This post seeks to to answer why the modifier English is so often attached to toffee. Is the basis for this adjective's syntactical proximity to toffee based purely on the geopolitical origins of this candy? Or is England's continued (ostensible) monopoly on the production of toffee the result of a deeper, more complicated relationship between Britain, its people and caramelized sugar?
In other, less high-falutin' words, why do "English" and "toffee" go together like "Dutch" and "apple pie"? "Belgian" and "waffles"? "French" and "fries"? (Er, wait, let's skip that last one.) What's so freakin' special about the English (full-stop?) and their toffee?
In honor of National English Toffee Day, I decided to find out.
Toffee in and of itself isn't particularly complicated. It's basically white sugar (or sometimes molasses) with butter and/or salt heated to the point of caramelization. Once the mixture reaches around 300 degrees Fahrenheit, it's rapidly removed from the heat and poured onto a surface, at which point it cools and hardens (its malleability depends on length of cooling and ingredient proportions).
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Of the specific type of toffee we know as "English," Wikipedia offers this less than satisfactory explanation:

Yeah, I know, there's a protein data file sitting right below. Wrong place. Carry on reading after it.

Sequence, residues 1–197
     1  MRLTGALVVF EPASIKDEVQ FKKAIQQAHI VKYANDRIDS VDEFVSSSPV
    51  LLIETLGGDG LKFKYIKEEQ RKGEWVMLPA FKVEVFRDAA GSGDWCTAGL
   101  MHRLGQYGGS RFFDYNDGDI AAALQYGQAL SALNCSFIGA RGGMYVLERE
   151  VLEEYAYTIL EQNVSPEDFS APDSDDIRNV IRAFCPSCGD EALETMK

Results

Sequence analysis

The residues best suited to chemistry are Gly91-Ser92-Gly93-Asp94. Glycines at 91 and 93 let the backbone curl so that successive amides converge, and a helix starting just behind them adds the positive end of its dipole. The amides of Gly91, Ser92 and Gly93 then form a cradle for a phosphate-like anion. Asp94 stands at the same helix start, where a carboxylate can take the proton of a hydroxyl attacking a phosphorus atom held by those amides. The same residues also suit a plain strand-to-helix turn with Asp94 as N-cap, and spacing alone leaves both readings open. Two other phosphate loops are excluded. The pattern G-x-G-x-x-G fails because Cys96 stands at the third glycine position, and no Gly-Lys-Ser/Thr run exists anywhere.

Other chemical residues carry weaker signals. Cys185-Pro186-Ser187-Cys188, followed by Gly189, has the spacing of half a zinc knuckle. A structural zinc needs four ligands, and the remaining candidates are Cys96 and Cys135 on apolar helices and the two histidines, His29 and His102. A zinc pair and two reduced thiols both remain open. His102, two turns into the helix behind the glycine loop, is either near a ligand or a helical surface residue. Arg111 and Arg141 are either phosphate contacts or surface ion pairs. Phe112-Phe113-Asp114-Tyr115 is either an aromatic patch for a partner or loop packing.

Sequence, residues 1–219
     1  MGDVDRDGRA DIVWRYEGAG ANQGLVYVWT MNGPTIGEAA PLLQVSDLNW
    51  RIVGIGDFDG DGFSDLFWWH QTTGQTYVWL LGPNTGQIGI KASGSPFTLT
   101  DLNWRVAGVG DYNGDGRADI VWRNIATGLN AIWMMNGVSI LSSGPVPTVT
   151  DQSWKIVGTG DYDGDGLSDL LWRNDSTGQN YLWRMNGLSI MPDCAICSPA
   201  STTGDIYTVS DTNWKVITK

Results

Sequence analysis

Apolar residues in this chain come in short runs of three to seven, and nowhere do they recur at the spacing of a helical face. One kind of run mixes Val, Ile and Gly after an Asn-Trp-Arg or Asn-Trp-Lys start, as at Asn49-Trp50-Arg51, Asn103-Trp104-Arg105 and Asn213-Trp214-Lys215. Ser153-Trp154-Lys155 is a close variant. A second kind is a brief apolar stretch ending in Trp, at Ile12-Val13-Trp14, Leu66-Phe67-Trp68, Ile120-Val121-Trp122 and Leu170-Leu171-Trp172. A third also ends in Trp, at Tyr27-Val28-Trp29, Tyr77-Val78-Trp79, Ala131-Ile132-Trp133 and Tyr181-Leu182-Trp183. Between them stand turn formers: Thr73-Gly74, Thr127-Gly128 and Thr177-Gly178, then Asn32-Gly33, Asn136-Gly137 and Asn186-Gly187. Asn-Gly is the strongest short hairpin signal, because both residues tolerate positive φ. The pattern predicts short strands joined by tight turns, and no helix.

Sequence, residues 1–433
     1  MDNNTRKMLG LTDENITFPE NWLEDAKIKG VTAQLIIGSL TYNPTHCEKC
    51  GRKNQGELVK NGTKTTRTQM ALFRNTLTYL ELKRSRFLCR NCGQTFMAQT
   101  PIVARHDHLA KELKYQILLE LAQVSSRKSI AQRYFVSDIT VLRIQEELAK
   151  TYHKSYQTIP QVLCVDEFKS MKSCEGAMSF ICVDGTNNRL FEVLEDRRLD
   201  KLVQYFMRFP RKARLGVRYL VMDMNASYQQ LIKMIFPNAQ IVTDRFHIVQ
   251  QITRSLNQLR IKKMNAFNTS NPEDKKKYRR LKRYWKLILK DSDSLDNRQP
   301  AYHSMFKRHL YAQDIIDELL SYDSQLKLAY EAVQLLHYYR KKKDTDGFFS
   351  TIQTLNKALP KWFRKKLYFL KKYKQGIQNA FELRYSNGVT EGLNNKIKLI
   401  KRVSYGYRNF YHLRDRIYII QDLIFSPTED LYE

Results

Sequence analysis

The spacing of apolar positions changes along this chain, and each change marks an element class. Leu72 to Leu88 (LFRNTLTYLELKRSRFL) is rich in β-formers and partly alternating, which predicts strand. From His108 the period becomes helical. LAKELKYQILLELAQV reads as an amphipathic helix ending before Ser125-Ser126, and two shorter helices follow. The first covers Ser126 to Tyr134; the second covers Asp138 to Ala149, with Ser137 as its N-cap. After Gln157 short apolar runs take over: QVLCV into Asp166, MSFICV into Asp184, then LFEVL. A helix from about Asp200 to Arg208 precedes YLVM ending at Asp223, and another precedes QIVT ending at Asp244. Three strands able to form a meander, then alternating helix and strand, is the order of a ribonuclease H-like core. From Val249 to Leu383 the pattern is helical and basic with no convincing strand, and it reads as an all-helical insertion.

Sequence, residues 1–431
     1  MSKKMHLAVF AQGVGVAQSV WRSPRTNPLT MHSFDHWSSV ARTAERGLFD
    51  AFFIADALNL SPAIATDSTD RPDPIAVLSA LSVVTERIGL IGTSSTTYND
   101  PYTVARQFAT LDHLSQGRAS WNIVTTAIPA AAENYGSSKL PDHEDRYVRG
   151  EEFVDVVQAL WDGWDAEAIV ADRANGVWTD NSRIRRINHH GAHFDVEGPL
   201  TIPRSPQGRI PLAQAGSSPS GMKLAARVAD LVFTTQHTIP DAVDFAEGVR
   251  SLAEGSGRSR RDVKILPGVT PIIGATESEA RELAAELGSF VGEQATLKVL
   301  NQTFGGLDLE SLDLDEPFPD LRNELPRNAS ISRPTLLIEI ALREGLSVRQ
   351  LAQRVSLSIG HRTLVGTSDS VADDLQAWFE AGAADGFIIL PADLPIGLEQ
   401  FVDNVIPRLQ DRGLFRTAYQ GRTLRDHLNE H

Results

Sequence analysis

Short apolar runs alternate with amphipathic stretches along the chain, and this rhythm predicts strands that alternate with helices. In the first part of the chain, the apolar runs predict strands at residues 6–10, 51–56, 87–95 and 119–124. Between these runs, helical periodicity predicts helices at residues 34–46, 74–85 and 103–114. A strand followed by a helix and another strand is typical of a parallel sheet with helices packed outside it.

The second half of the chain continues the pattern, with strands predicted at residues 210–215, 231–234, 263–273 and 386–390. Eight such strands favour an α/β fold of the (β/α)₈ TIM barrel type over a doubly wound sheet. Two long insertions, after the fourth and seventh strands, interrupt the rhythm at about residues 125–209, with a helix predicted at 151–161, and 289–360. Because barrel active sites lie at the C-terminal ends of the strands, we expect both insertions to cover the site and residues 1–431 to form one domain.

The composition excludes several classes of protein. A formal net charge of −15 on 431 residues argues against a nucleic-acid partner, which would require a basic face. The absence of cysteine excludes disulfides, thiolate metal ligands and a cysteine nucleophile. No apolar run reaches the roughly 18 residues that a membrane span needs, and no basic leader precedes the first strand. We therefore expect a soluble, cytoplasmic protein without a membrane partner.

A popular variant in the US is English toffee, which is a very buttery toffee often made with almonds. It is available in both chewy and hard versions. Heath bars are a type of candy made with an English toffee core. Although named English toffee it bears little resemblance  to the wide range of confectionery known as toffee currently available in the UK.
In addition to missing a citation, this cursory explanation also fails to account for the origins of its link to England. Further research, unfortunately, yields equally vague results. The most plausible explanation I came across for how toffee became associated with the Brits relates to the availability of cheap sugar in the 19th century. Thanks to the Crown's prolific (and seemingly shameless) use of slave labor in its Caribbean colonies, sugarcane was cultivated and harvested at an impressive and inexpensive rate. Back home in jolly old imperialist England, treacle and sugar thus become very affordable for the masses, who then proceeded to satisfy their sweet tooths by developing candy, the most popular of which was toffee.
So, the development of English toffee isn't a particularly sweet story. But it's not the first food product to have a dark history. Perhaps, then, on January 8 I'll try to celebrate the potential future, rather than the unsettling past, of English toffee by making some of my own.